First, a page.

Tutorial 0 - Hello, world!

In this tutorial, you’ll take a really simple “Hello, world!” program written in Python, convert it into a working project.


This tutorial assumes you’ve read and followed the instructions in Getting Started. If you’ve done this, you should have:

  • A tutorial directory,
  • A activated Python 3.5 virtual environment,
  • Briefcase installed in that virtual environment,
  • Any platform-specific dependencies installed.

Start a new project

Let’s get started by using the handy template briefcase-template:

$ pip install cookiecutter briefcase
$ cookiecutter https://github.com/pybee/briefcase-template

This will ask a bunch of questions of you. We’ll use an app_name of “helloworld”, a formal_name of “Hello World”, using the Toga GUI toolkit. You can use the default values for the other questions (or update them to reflect your own name if you want).

You’ll now have a few files in this folder, including a helloworld directory.

Check out what the provided helloworld/app.py file contains:

$ cd helloworld
$ cat helloworld/app.py
def main():
    # This needs to return an object that has a main_loop() method.
    return None

This won’t do much as it is, but we can make it useful.

Add this into the app.py:

import toga

def main():
    return toga.App('Hello World', 'org.pybee.helloworld')

Put it in a briefcase

Your project is now ready to using briefcase.


To create and run the application, run:

$ python setup.py windows -s

This will produce a windows subdirectory that will contain a HelloWorld-0.0.1.msi installer.


To create and run the application, run:

$ python setup.py macos -s

This will produce a macOS subdirectory that contains a Hello World.app application bundle. This bundle can be dragged into your Applications folder, or zipped and distributed to anyone else.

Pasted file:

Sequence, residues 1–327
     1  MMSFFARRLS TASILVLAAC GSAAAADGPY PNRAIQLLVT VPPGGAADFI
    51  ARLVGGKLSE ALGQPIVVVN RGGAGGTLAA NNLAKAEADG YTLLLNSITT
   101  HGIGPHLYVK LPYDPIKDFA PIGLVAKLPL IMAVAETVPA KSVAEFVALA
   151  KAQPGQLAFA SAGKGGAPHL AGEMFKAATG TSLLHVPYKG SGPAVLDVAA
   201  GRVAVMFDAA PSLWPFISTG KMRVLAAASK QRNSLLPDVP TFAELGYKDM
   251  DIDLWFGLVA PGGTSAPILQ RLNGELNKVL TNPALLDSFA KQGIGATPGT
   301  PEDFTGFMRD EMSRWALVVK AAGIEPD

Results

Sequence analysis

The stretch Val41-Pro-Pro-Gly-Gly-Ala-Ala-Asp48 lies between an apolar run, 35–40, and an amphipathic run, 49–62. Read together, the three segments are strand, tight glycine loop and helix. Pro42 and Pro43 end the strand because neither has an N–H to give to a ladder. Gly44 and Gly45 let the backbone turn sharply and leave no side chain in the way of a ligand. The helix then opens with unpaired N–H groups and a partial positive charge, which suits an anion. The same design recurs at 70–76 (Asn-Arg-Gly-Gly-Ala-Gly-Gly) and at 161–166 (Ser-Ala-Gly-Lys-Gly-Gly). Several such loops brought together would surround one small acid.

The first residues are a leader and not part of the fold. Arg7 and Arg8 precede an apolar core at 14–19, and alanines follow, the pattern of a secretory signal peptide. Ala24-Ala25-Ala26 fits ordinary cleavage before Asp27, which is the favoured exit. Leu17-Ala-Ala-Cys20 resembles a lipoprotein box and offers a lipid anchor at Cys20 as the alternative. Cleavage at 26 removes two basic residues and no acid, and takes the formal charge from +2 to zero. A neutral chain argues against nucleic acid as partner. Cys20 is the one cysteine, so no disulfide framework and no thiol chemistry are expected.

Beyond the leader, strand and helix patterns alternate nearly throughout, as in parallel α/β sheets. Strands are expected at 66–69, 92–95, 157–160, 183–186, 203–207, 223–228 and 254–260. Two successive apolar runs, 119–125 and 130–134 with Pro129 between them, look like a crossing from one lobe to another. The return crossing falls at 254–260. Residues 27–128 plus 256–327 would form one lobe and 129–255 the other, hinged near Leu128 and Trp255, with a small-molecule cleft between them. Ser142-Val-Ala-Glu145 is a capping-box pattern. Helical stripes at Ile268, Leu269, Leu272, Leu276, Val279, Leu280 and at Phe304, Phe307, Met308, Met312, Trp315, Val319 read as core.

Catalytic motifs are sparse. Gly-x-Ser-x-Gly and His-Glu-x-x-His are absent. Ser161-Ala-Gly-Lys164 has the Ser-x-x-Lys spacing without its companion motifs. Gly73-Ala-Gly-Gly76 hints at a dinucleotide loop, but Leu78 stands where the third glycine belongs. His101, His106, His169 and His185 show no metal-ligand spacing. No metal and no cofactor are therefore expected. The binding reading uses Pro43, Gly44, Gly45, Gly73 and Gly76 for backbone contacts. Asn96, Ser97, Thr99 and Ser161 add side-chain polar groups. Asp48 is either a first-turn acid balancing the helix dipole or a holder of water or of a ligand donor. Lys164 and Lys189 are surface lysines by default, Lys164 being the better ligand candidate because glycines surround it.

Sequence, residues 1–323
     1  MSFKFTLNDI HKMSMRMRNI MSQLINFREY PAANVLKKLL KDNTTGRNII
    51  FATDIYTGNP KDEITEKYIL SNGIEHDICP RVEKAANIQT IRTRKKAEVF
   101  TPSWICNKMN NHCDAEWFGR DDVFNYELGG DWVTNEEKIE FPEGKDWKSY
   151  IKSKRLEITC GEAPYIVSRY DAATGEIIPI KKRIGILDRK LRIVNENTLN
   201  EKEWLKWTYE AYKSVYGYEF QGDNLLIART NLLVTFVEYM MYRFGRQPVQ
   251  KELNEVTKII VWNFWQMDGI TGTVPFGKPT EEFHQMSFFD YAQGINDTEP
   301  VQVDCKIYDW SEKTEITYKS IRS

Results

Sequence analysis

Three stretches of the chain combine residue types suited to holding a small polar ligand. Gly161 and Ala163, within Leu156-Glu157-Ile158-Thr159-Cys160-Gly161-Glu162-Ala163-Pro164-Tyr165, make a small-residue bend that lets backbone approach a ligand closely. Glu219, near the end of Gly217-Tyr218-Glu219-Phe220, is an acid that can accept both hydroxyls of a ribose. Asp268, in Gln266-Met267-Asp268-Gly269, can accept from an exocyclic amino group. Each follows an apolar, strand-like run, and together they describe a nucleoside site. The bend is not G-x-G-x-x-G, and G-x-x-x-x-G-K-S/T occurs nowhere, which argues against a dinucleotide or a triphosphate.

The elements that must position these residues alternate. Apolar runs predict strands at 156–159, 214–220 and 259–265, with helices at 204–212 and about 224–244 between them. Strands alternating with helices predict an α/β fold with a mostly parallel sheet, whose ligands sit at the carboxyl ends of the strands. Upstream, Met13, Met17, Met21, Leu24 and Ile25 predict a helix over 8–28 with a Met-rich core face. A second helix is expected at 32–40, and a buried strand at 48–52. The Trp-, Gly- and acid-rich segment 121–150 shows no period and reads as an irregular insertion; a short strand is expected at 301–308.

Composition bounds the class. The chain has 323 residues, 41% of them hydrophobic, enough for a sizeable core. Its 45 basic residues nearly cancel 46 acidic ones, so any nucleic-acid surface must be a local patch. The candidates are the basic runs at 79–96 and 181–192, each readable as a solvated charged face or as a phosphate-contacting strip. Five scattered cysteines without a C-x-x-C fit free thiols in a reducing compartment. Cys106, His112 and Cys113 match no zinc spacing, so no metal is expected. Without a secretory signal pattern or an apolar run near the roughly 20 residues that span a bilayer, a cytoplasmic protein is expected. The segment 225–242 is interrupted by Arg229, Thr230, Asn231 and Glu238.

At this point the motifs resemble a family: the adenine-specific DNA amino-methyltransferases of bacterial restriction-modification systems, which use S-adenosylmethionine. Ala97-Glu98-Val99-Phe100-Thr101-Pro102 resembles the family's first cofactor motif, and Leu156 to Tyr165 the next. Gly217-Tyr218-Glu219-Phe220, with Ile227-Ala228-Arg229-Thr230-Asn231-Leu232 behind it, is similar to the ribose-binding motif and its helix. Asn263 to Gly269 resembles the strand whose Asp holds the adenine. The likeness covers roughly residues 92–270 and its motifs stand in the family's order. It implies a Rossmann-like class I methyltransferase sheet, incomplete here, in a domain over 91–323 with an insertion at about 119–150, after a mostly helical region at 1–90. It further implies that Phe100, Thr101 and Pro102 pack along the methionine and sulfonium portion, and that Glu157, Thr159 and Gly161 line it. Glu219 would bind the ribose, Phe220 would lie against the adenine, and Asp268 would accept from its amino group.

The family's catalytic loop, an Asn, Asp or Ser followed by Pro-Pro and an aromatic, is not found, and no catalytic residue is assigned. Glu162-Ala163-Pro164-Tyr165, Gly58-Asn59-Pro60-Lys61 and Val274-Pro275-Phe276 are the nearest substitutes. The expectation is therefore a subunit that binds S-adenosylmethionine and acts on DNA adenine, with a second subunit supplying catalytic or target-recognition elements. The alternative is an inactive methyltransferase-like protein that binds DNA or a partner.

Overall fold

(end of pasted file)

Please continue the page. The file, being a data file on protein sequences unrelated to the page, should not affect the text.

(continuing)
To create and run the application, run:

$ python setup.py linux -s

This will produce a linux subdirectory that contains a Hello World script that will start the application.


To create and run the application, run:

$ python setup.py ios -s

This will start the iOS simulator (you may be asked to select an API and a simulator device on which to run the app) and run your app.

It will also produce an ios subdirectory that contains an XCode project called Hello World.xcodeproj. You can open this project in XCode to run your application.


To create and run the application, run:

$ python setup.py android -s

This will produce an android subdirectory that contains a Gradle project. It will also launch the app on the first Android device or simulator that can be found running on (or attached to) your computer.

What should happen

When the application runs, you should see a window with a title of “Hello World” appear. The window won’t contain any content - but it will be a native application, with a native icon in your task bar (or wherever icons appear on your platform).

You’ve just packaged your first app with Briefcase! Now, let’s make the app actually do something interesting.